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Technical Brief 18 Protecting Archeological Sites on Eroding Shorelines: A Hay Bales Approach


Published by the DOI Departmental Consulting Archeologist/NPS Archeology Program, National Park Service, Washington, DC, July 2004.

Introduction

(photo) A row of logs along a bankline protecting newly-planted vegetation.

Figure 1. An Army Corps (WES) stabilization project using logs cabled in place and revegetation planted on bankline. Lake Sharpe, South Dakota, June 1994.

Federal laws and regulations encourage preserving archeological sites in place when they are threatened by roadbuilding, reservoir construction, and the like.1 However, proactive managers favor the idea even when sites are not immediately at risk. Excavation is costly, with the curation of artifacts adding appreciably to the expense. A resource-specific conservation plan, carefully designed and implemented, substantially reduces management costs. At the same time, the plan can be aesthetically pleasing while serving to enhance other aspects of the surroundings.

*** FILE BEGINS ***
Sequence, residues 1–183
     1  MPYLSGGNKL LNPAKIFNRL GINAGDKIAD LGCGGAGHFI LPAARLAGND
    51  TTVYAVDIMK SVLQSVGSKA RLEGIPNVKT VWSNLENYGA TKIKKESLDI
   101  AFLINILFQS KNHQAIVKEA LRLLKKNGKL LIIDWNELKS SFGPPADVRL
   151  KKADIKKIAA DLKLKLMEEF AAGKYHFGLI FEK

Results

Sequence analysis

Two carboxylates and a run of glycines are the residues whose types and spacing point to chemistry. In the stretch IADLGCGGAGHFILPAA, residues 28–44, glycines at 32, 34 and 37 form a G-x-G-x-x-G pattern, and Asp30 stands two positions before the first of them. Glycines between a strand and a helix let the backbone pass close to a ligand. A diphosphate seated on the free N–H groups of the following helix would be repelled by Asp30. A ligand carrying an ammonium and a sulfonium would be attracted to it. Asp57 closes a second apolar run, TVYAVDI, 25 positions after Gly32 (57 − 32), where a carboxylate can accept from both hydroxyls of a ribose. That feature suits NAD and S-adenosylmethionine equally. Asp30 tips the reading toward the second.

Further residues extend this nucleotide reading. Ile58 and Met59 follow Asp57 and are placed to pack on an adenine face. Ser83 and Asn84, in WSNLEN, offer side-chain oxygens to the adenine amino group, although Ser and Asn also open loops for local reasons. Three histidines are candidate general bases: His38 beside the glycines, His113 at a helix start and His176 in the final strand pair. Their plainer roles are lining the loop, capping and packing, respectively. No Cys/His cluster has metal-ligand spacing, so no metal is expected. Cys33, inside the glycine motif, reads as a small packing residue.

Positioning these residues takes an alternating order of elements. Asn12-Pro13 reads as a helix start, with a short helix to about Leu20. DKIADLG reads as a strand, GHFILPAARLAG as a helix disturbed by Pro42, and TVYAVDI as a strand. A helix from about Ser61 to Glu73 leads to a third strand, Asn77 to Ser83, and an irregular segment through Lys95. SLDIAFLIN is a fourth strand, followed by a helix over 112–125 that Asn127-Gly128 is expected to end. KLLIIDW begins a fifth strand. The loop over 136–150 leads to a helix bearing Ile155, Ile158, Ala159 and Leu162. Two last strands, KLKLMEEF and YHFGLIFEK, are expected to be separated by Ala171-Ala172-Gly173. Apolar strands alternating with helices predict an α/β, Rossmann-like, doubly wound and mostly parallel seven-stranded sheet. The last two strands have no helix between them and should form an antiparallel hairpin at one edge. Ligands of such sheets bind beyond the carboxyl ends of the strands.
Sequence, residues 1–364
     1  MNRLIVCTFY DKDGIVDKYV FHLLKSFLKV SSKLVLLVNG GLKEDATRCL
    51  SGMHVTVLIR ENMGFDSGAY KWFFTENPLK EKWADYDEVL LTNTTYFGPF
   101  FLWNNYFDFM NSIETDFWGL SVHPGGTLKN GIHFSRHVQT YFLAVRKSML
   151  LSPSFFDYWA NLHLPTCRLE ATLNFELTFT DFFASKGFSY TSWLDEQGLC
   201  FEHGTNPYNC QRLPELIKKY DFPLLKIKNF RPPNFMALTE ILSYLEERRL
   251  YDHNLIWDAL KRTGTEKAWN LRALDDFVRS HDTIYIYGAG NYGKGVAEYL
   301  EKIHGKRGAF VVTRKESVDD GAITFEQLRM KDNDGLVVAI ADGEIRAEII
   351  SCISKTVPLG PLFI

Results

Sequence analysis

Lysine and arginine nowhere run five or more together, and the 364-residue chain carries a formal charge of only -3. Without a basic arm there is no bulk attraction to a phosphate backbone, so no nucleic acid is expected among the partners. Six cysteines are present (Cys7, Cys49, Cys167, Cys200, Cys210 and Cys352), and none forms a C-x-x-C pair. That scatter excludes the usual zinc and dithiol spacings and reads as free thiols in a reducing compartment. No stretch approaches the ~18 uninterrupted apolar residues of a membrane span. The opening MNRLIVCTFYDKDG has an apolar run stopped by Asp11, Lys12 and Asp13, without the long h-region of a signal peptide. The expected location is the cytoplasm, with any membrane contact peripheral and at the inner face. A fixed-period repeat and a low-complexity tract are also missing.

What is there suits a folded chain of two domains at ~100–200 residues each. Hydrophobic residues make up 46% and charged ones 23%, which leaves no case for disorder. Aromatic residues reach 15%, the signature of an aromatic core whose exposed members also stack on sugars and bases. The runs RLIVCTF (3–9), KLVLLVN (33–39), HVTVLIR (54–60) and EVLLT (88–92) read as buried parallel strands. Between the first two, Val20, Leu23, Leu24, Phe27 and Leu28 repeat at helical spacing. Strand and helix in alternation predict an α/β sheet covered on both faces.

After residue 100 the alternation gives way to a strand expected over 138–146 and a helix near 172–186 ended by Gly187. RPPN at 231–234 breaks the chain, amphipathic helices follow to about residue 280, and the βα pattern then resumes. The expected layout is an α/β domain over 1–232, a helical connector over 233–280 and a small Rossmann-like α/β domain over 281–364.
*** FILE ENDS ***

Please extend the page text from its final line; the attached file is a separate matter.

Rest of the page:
There are many alternatives one can employ to stabilize sites and shorelines (Thorne 1991). A modeled approach to developing a stabilization strategy has been devised that can be applied to any setting (Thorne et al. 1987; Thorne 1988a, 1989, 1990, 1991). In many cases, however, funds are severely restricted, and factors such as environmental compatibility and aesthetic appeal come into play.

(photo) A beach.

Figure 2. A beach development zone behind hay bales put in place in 1991. Lake Sharpe, South Dakota, June, 1994.

An experimental program, described here, addressed these and other issues in reversing the severe erosion at South Dakota’s Lake Sharpe, which was caused primarily by wind-blown waves and the annual freeze-thaw cycle. The lack of stabilizing vegetation in the unconsolidated glacially deposited soil also contributed to the erosion.

The approach, devised by the U.S. Army Corps of Engineers, uses hay bales in concert with revegetation to abate erosional forces. While not suited to every situation, this cost-effective alternative may be a low-cost solution for conservation planning.

The Plan–A Case Study at Lake Sharpe